Exocytosis is a means of membrane transportation that expels the intracellular material out of the cell. The transport of the substance is mediated by the vesicles that eliminate the cell debris and releases specific proteins, enzymes, hormones etc. outside the cell. It is a type of active transport mechanism that makes the use of ATP.
The examples of exocytosis include the release of enzymes into the blood, neurotransmitter into the synaptic gap, and plasma membrane proteins out of the cell.
Exocytosis can define as the cellular mechanism, where the transport vesicles incorporate with the cell membrane and eliminate the materials out of the cell via constitutive, regulatory and lysosome mediated secretory pathway. Thus, exocytosis merely refers as the process that expels the biomolecules and metabolic waste out of the cell to the extracellular space.
Pathways of Exocytosis
Generally, exocytosis can be mediated by the given three pathways:
Constitutive secretory pathway
This kind of mechanism that can be carried out by all cells. It operates continuously to deliver the newly generated lipids, proteins etc. from the Golgi complex to the bilayer cell membrane.
Regulated secretory pathway
The specialized cells carry out this pathway by secreting specific hormones, proteins, enzymes, neurotransmitters etc. from the cytosol to the extracellular space. Regulated secretory pathway requires extracellular signals for the exudation of substances out of the cell. It only occurs in the secretory cells, not in all the cell types.
The specific substance will expel out of the cell when it is stimulated by the extracellular signals. In this kind of pathway, the secretory vesicles not completely incorporate with the cell membrane, it only fuses enough to expel the contents out of the cell. This kind of secretory vesicle reform and goes back to the cytosol once they deliver the material out of the cell.
Lysosome mediated secretory pathway
This pathway involves the incorporation of the lysosomes with the bilayer cell membrane. Lysosome mediated secretory pathway functions to exclude the undigested cellular debris out of the cell. A lysosome appears as a small vesicle that contains acid hydrolase enzyme, which function is to break down the waste materials, microbes etc. These carry the cellular debris to the bilayer cell membrane and fuse to expel the contents out to the extracellular matrix.
- The transportation in exocytosis occurs from the interior of the cell, i.e. cytosol to the exterior or extracellular space of the cell.
- Mechanism of exocytosis plays a significant role in the exudation of the metabolic waste out of the cell, chemical messaging between the cells etc.
- The vesicle forms through the process of exocytosis refer to as “Exocytic-vesicle”.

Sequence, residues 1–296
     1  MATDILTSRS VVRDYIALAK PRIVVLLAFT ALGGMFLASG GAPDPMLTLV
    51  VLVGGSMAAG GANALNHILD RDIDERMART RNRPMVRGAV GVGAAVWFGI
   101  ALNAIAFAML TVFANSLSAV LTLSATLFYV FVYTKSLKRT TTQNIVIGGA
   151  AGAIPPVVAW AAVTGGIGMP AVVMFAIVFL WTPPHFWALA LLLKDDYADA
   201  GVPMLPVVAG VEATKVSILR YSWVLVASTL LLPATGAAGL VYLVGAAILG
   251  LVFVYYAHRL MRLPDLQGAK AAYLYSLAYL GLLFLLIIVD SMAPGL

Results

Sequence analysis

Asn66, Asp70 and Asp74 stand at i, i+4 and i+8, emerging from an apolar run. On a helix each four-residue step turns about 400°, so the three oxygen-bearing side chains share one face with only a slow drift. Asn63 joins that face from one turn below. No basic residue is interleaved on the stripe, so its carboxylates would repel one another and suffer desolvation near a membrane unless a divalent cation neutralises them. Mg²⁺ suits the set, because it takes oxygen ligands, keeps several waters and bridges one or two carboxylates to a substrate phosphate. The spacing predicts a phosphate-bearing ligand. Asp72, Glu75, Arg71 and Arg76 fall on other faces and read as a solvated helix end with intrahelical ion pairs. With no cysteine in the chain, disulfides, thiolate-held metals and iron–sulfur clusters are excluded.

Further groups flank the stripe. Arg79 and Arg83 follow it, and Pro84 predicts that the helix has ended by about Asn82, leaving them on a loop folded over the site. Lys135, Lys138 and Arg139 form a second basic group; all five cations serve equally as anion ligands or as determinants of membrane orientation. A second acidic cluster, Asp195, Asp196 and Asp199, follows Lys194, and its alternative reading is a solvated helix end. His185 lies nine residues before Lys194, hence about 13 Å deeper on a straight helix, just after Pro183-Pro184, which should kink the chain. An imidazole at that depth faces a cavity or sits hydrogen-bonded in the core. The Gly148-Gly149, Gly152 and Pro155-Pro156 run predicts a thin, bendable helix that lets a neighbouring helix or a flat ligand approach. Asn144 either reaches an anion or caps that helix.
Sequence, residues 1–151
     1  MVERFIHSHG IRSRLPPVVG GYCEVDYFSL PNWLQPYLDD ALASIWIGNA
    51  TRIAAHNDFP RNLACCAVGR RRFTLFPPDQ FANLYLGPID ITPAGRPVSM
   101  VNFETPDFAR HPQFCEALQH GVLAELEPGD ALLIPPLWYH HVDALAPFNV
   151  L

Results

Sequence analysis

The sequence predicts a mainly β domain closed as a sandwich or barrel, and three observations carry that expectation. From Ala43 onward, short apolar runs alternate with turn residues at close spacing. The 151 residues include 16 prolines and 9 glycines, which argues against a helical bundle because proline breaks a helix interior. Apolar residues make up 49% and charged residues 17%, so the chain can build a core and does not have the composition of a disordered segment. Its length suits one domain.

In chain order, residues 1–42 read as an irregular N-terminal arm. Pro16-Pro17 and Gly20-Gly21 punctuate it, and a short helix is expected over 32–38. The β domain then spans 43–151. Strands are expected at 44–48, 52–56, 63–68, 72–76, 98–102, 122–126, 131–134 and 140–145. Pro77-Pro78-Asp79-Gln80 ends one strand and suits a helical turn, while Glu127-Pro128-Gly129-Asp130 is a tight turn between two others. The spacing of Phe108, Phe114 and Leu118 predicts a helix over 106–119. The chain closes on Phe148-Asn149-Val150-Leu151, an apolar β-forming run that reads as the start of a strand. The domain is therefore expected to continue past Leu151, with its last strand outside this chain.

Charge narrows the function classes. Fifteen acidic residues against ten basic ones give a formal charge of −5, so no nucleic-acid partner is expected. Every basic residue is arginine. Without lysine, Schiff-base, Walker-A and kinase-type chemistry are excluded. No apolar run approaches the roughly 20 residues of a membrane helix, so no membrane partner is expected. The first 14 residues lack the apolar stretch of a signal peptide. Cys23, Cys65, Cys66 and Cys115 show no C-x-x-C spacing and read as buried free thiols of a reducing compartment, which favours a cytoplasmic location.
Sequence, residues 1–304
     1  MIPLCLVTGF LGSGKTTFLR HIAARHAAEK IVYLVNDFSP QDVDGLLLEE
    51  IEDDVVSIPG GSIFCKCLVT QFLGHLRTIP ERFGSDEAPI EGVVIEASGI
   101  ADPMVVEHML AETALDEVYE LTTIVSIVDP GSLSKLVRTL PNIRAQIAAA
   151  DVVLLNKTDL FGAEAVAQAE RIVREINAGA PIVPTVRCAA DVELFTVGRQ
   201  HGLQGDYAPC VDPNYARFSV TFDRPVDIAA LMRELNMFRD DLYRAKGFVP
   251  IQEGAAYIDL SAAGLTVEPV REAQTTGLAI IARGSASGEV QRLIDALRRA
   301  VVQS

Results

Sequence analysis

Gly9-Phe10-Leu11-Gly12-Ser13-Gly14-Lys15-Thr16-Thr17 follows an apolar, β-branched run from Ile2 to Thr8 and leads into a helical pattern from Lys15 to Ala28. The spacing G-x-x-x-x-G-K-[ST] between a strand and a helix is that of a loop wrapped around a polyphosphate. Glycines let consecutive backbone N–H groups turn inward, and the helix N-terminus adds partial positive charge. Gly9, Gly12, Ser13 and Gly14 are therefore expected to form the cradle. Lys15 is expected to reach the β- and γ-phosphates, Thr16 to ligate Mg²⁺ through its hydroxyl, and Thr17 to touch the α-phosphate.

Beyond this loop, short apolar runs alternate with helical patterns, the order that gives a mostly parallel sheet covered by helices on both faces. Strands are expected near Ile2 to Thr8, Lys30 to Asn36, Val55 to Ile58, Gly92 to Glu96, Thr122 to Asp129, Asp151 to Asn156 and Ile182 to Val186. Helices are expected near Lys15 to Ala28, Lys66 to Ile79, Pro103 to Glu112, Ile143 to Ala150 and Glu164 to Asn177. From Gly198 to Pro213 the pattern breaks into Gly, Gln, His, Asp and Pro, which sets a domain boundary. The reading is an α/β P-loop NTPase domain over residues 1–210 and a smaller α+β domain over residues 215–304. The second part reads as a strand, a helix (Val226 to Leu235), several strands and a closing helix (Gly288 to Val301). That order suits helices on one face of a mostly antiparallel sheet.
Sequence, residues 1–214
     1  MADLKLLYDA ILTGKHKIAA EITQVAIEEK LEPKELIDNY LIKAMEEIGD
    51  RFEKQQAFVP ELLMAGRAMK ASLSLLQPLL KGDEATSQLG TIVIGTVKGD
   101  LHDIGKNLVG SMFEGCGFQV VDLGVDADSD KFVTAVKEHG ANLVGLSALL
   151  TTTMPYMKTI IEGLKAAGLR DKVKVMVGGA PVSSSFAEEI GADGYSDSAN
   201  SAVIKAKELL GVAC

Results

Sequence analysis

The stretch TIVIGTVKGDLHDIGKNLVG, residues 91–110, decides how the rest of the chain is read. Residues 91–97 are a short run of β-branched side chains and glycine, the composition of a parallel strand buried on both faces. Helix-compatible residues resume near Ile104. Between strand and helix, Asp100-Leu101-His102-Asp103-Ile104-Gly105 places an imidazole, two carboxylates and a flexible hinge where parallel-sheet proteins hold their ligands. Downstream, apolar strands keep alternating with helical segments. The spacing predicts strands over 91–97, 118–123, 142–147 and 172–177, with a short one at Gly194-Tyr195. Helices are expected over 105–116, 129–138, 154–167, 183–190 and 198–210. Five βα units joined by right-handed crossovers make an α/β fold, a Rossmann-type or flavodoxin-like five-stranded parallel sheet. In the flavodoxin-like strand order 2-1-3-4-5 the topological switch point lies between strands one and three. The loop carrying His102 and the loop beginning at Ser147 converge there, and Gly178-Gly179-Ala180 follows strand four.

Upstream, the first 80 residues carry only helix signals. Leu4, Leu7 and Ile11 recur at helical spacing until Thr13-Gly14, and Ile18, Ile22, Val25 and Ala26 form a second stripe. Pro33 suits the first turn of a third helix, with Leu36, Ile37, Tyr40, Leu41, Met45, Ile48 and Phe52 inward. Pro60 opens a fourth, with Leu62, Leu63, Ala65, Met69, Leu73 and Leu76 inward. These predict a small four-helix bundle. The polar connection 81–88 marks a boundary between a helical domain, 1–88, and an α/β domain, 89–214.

- The Golgi body, presynaptic neurons are the regions of the cell, which processes the formation of exocytic-vesicle.
- Exocytic vesicles require precursors released by the endoplasmic reticulum, which later processed by the Golgi body. Finally, the secretory vesicle buds off through the Trans face of the Golgi body.
- There are three pathways, namely constitutive, regulated and lysosome mediated secretory pathways that are the three primary mechanisms of exocytosis.
Steps of Exocytosis
Generally, exocytosis involves five steps for the expulsion of the intracellular substance.
Vesicle trafficking: It is the first step where the vesicles are transported to the cell membrane along with the microtubules of the cytoskeleton. Motor proteins, kinesins, dyneins and myosins mediate the movement of secretory vesicles.
Tethering: Once the vesicle reaches the cell membrane, it tends to contact with the cell membrane.
Docking: It is the third step, which involves the attachment between the cell membrane and the vesicle membrane. During this step, the phospholipid bilayer of both the membranes begins to merge.
Priming: It is the step that only occurs in the regulated exocytosis. Priming involves specific modifications in the molecules of the cell membrane, for the signalling process to stimulate exocytosis.
Fusion: Two types of fusion occur in exocytosis.
- Complete fusion: Here, the vesicle membrane entirely incorporates with the cell membrane. It makes the use of ATP that helps in the separation and fusion of the phospholipid membrane. The fusion results in a fusion pore that expels the content out of the cell membrane.
- Kiss and run fusion: It’s the temporary fusion of the vesicle with the cell membrane and expels the contents out of the fusion pore. After the release of substances to the extracellular environment, the vesicle detaches from the bilayer cell membrane.
Exocytosis in Pancreas: When the blood sugar level becomes low, the islet alpha cells of pancreas release glucagon hormone via exocytosis. Then the glucagon hormone activates the hepatic cells of the liver to facilitate the transformation of stored glycogen into glucose. Then the glucose released by the liver cells finally goes into the bloodstream until it reaches a normal range.
Formation of Secretory Vesicle
The secretory vesicle forms by the protein packaging organelle, i.e. Golgi complex. The Golgi body releases the secretory vesicle from its Trans face. The release of a secretory vesicle can be calcium-dependent or independent.
The calcium-dependent cycle is a regulated secretory pathway that requires specialized cells for the release of vesicular contents. In contrast to this, the cells carrying out a constitutive pathway are calcium-independent. Once, the vesicles releases from the Golgi complex, it tends to move near to the cell membrane. Finally, there will be a fusion between the vesicle membrane and the cell membrane, and the contents will go out into the extracellular space.